New Comparability Profit Sharing

A new comparability profit sharing allocation formula in a qualified retirement Plan allows a Plan Sponsor to target certain classes or groups of employees, or even individuals, with a higher percentage of annual employer profit sharing contributions. Typically, groups are identified based on their job title or position within the company (examples: Owners, Officers, Managers, Supervisors, Foreman, Administrative, etc.). The contribution amount is typically discretionary and determined on an annual basis.

The employer contribution is allocated by a formula which requires “Cross-Testing” as established in the plan document. The result is that you can give each group a different percentage allocation of pay, providing that a complex set of non- discrimination testing passes. The testing results largely depend on the targeted group or person’s age (years remaining to retirement) along with who is identified as a Highly Compensated Employee (HCE). HCE’s are generally defined as greater than 5% owners, lineal family members or spouse of 5% owner, or anyone earning greater than the indexed limit. An employee must earn more than the indexed limit in the prior year to be considered highly compensated. Basically, this type of profit sharing allocation formula works very well if you are targeting an older, higher paid group of employees that are instrumental to the overall success of your company.

The major challenge in designing an effective plan with a new comparability formula is that the allocations are very demographic dependent; results can vary from year to year and from company to company. Without looking at historical census data, it is hard to say whether there are enough NHCEs that are the right ages to pass the required IRS discrimination tests on an annual basis. Please note that NHCEs (non- highly compensated employees) must receive the IRS mandated minimum gateway allocation of either:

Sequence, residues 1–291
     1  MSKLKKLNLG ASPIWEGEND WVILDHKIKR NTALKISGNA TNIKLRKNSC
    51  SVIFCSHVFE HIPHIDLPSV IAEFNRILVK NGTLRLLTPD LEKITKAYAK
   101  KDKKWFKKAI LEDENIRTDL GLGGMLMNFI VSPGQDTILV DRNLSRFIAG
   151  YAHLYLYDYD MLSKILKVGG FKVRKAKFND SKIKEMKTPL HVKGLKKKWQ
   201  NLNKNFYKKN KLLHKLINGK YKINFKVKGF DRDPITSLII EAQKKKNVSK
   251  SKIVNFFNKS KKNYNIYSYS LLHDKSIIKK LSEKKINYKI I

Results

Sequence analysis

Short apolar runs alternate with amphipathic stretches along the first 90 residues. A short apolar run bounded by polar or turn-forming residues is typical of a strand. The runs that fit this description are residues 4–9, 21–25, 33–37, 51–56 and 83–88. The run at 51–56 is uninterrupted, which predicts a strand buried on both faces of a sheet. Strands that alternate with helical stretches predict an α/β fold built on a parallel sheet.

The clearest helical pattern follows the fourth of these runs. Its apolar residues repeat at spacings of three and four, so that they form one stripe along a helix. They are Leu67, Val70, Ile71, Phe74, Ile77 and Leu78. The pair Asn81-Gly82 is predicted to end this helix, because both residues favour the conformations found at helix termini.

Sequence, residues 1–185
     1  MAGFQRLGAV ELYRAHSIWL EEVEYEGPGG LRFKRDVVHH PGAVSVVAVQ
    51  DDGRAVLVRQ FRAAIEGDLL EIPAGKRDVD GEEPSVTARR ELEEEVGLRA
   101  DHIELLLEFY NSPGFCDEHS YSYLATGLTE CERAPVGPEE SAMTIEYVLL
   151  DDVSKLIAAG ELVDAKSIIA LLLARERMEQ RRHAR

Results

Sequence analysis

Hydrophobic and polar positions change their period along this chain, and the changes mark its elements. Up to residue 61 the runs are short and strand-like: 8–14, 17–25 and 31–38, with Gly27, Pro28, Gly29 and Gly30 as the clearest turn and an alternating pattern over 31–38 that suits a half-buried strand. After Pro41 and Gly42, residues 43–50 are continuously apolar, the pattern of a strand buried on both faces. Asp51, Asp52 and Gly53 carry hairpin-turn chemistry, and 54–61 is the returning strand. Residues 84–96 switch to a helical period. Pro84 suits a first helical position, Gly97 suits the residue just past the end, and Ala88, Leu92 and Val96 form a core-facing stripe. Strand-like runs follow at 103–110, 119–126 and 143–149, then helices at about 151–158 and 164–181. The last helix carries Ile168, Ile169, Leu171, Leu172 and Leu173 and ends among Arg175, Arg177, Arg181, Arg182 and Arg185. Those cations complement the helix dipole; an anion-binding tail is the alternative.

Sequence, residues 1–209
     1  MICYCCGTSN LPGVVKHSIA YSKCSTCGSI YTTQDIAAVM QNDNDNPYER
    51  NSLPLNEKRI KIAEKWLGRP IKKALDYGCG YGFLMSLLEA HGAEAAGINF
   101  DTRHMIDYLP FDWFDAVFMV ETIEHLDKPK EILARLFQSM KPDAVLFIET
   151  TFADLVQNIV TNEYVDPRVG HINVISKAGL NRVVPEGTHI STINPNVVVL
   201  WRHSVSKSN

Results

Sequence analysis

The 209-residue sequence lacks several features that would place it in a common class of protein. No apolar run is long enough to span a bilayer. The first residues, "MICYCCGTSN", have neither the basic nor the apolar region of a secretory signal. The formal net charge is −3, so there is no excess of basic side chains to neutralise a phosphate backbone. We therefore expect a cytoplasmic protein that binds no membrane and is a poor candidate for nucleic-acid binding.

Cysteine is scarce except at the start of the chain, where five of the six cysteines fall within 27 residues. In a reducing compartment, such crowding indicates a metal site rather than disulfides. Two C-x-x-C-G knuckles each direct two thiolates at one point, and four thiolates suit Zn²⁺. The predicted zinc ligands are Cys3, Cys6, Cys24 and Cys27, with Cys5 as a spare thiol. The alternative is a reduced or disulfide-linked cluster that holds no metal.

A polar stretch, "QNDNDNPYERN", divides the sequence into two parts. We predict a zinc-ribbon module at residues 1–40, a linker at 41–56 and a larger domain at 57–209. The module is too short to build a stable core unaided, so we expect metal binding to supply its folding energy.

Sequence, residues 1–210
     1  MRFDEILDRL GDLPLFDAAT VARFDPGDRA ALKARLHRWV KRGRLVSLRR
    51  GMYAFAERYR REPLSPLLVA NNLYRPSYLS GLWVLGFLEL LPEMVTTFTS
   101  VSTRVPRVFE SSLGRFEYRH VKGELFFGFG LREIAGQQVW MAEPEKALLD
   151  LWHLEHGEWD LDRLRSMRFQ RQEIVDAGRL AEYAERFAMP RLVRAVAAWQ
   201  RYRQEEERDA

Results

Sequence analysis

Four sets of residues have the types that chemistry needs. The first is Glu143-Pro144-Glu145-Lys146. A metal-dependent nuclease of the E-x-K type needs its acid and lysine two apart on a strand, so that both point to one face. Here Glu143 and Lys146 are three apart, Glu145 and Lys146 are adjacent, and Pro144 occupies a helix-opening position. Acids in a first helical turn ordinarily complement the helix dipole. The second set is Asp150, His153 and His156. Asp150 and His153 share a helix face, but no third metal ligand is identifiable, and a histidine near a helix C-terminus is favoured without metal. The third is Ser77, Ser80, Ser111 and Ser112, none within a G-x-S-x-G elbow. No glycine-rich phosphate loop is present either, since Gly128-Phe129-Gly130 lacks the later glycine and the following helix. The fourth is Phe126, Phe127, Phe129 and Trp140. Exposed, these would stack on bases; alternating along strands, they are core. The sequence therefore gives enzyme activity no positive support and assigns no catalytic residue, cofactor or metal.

• 5% allocation for all eligible non-highly compensated employees, OR
  • Lesser amount as long as the highest allocation any HCE receives is no more than three (3) times what the lowest NHCE’s allocation is.

Some of the benefits of making a profit sharing contribution are as follows:

  • company receives a tax deduction on the contribution
  • could be an important part of your overall end of year tax planning
  • company does not have to match FICA (subject to FICA limit)  if you paid the same amount as wages
  • plan participants receive a tax deferred benefit that typically will create more overall wealth for your employees
  • could be a critical part of your company’s employee benefits package

The Paragon Alliance Group specializes in customized plan design and will assist you in the implementation and ongoing administration of this potentially valuable plan design feature. Please click the link below for a SAMPLE comparison of employer costs utilizing different profit sharing allocation formulas: